The sub culture of sub letting

Getting an accurate picture of the vacancy levels of commercial lease space is not easy at the best of times.

Right now, as businesses are carefully reviewing their space needs, the amount of space available to sub lease has grown considerably; in the office, industrial and retail sectors.

Official vacancy rate calculations don’t take sublet space into account, so in effect there is a “phantom” vacancy level.

Most commercial tenancy agreements allow for sub leasing to occur, and as businesses now shed space to save costs or to deal with reduced activity and staff levels, sublet space is adding significantly to the true amount of vacant space.

Sublet space can be a very good opportunity, both for those searching for premises and for those wishing to save costs. There is also an increased interest in 3PL, third party logistics, where businesses with warehousing, distribution and transport needs outsource these logistics needs, avoiding the need to pay for and manage warehouse, distribution and transport property and that may not be part of their core business.

When it comes to subletting space, there are several challenges to watch out for.

One is higher commission rates charged by realtors to market sub leases. In many instances these are unavoidable. The commissions can go up by as much as 150 percent, so for the tenant wishing to get rid of unwanted or unneeded space, they will need to calculate if the overall savings in lease payments will outweigh the extra commission to pay.

Another variable to consider is weighing up the benefits of sub leasing space versus surrendering a lease altogether.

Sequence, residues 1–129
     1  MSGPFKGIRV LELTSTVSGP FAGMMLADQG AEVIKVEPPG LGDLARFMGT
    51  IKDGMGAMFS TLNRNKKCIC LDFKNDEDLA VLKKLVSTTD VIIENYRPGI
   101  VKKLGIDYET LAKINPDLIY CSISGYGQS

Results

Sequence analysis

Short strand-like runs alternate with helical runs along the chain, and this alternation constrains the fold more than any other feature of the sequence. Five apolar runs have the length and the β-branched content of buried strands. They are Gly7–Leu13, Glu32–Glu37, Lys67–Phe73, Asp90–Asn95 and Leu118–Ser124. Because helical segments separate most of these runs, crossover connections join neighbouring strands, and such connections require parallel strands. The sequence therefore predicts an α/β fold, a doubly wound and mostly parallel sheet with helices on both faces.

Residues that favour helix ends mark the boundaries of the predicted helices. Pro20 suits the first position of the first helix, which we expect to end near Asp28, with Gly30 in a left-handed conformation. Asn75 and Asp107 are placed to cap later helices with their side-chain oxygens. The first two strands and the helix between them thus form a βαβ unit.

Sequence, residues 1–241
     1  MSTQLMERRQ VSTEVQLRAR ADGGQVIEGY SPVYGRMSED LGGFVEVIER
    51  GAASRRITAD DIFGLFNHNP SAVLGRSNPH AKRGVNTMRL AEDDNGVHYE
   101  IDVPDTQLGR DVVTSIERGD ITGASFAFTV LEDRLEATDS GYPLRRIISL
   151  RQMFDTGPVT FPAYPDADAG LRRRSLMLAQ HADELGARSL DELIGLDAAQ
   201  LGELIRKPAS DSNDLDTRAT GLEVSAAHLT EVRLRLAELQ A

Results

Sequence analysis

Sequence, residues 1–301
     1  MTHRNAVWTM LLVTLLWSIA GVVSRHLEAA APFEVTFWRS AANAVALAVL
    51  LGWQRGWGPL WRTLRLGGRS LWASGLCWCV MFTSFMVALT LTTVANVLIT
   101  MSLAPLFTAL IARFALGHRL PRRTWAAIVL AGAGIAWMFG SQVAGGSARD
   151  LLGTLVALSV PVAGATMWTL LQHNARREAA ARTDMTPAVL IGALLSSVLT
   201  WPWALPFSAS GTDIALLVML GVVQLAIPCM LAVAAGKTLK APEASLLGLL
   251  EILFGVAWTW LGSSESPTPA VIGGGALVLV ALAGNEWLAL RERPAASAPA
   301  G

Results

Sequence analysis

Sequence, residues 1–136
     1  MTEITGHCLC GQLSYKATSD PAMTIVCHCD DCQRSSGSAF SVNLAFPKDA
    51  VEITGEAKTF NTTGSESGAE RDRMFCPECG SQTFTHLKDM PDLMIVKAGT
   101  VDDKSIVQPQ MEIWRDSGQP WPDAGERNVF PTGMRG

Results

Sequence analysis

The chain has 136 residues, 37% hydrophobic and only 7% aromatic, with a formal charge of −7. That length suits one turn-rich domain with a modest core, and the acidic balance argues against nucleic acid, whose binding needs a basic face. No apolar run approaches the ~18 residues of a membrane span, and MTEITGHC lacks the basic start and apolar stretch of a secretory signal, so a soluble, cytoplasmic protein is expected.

Sub leasing can be full of traps. Some people approach it in the old traditional kiwi way of making a deal on a handshake. I don’t recommend it. Whether a sub lease is for a very small area or for a considerable space, it pays to get expert advice to avoid trouble, and to make sure everything stacks up from council permits through to lease terms and conditions.

There can be significant penalties in leases if a tenant doesn’t comply with council regulations, or the terms of the lease.

The sub culture of sub letting is an area worth investigating but make sure, as with all cultures, you have guidance through the right cultural practices.

2 thoughts on “The sub culture of sub letting”

  1. Very good and timely article Peter. As a landlord we always prefer a tenant to take advice on subletting as often inappropriate practice can lead to a situation where the landlord is either in breach of local or teritorial authority requirements and is pushed into taking enforcement action under the head lease.
    We have had a number of situations where tenants have significantly disadvantaged themselves by inappropriate subleases.

  2. Hi Peter
    Thanks for your comment. Yes, I believe there is a real danger of this second layer of leasing becoming more important than it has been for a long while. As always, proceeding without doing your homework is dangerous!

    Best regards
    Peter Scott

Leave a Reply